Carefully packed, the bottle of wine arrived on Ray Haagen’s porch outside Placerville in late November.
The wine is a 1939 vintage from the Chateau Lauretan vineyard in France’s Bordeaux region, with the varietal unspecified on the label.
Near the bottle’s neck, a strip of medical tape is inked with the instructions “Do Not Open Until 1955,” as if the original owners planned a long-ago reunion that never came to pass. On the label are scrawled their names: Ben Young, A.C. White, Pelman Hudson, C.W. Hansen, Ray P. Haagen – and at least a dozen more, their signatures either illegible or faded with the seven decades that have passed since they last gathered together, these young men of the U.S. Army’s 83rd Infantry Division, to promise they’d meet again one day.
They landed in Normandy 70 summers ago, only two weeks after the D-Day invasion, and they fought the Germans across France, Luxembourg and Belgium and into Germany. Together, they survived the Battle of the Bulge. Together, they served their country, helping save the world from tyranny.
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Around the edge of the label, someone named Thomas A. Tench inked a warning that bad luck would come to anyone outside the group who opened the bottle.
Ray Haagen, a 93-year-old widower and retired mechanic, remembers only a few of the men whose names are on the bottle. He doesn’t remember signing it, although he did, and he doesn’t remember planning a 1955 reunion.
All he knows is that Ben Young’s son, a former newspaperman named John Young, sent him a letter last fall, saying that he couldn’t find anyone else who was still alive from the unit, a supply company for the 331st Regiment, and asking Haagen if he’d like to have the wine.
“It doesn’t belong to me, really,” said Young, 61, who lives in Montana. “Any of those guys would appreciate having it. They deserve to have it after what they went through.”
Historians debate the point, but Ray Haagen insists he remembers clearly: The 83rd Division expected to ship out from Southhampton on June 6, 1944, – D-Day – and land on Omaha Beach. His regiment had waterproofed their equipment for the landing. But the storms and high seas that delayed the earliest waves of the invasion also stranded part of the 83rd Division in Wales. As it turned out, the division postponed crossing the English Channel until June 21.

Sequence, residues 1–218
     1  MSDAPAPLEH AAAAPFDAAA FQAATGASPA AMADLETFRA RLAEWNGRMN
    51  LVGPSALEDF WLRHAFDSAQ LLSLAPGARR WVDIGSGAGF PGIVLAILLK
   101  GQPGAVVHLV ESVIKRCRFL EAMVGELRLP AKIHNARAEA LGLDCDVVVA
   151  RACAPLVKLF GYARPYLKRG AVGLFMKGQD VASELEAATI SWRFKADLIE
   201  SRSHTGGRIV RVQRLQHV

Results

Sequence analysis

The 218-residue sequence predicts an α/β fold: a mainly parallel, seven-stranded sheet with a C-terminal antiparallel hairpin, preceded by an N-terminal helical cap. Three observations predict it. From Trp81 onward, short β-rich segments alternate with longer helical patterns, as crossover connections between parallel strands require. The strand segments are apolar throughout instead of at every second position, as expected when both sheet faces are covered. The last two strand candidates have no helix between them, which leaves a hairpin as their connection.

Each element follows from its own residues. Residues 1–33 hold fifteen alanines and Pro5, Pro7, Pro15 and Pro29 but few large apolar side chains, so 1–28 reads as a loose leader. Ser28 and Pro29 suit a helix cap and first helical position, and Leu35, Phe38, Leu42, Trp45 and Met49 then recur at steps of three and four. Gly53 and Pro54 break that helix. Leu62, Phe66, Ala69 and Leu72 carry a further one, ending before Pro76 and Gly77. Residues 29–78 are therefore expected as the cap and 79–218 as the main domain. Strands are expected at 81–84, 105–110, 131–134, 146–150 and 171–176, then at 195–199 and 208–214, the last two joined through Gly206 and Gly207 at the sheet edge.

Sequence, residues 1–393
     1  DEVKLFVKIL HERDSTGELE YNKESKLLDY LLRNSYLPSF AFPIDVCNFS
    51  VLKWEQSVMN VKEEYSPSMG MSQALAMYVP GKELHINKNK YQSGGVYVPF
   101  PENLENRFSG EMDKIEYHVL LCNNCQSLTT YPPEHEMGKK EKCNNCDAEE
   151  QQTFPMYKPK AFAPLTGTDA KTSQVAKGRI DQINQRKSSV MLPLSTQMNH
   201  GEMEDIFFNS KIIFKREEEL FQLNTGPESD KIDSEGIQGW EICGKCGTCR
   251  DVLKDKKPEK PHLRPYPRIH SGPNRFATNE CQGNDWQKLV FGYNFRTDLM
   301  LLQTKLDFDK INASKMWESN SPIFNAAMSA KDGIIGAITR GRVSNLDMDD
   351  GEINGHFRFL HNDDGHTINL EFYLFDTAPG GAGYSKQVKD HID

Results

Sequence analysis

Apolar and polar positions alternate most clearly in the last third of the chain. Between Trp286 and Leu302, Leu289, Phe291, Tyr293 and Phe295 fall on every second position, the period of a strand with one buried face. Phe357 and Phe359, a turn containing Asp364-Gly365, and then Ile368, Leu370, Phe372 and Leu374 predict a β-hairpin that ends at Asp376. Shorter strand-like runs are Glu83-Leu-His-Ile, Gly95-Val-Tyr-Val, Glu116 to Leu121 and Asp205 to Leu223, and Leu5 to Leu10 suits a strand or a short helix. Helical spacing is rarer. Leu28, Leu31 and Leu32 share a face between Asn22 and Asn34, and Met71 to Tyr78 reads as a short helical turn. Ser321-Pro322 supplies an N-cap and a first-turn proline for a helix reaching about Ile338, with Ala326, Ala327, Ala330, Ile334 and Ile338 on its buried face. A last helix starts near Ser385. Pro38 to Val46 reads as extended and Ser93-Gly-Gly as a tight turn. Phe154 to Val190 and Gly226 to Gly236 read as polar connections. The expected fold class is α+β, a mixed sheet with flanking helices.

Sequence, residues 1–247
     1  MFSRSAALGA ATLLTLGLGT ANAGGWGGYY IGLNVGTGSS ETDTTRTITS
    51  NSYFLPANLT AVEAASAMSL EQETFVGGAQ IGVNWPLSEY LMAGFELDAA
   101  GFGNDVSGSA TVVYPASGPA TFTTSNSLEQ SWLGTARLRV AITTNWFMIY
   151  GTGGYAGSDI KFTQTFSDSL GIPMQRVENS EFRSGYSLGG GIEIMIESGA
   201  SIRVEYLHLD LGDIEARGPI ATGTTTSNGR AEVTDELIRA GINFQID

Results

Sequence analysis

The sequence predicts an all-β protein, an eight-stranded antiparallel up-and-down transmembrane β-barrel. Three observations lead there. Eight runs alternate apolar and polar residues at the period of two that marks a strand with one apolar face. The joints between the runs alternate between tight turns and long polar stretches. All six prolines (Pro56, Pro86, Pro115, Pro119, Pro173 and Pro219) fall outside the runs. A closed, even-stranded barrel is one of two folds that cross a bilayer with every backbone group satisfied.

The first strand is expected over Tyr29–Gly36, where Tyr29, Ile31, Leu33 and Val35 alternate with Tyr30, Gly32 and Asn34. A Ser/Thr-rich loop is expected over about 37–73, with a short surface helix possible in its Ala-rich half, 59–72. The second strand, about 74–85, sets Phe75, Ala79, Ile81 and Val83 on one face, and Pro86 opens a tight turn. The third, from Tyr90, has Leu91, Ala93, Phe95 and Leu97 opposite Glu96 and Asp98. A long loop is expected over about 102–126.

“The only reason I’m here today is that we didn’t go on D-Day,” Haagen said. “I would have been shot and killed. The Lord was looking after me. I wouldn’t have been here now.”
Some 156,000 Allied troops landed on the five Normandy beaches that morning, but fighting was bloodiest for the Americans wading ashore on Omaha Beach. In all, 1,465 Americans were killed that day with another 5,200 injured or missing.
Statistics can’t capture the carnage of the fighting they endured during World War II, and many aging soldiers don’t like to dwell on it.
“The memories are extremely painful,” said Dave Curry, 70, historian of the 83rd Infantry Division Association, whose father was a division soldier killed in December 1944.
“They don’t want to remember. The actual fighting, they won’t describe. They witnessed horrible things.”
Haagen was a kid from San Jose, the son of a delivery truck driver. At 22, he was working in a Richmond shipyard when he was drafted into the Army. At not quite 24, he was in the war, carrying a typewriter and a pistol across Northern Europe, helping load trucks and working with Ben Young to keep track of his regiment’s equipment.
“It was not that safe a job,” said John Young. “A lot of headquarters officers were killed after they got to France. There was tremendously heavy combat.”
Haagen and his buddies fought across the hedgerows and marshes of Normandy, hiding in the rubble of farmhouses and ancient towns, ambushed repeatedly by German machine guns and tanks.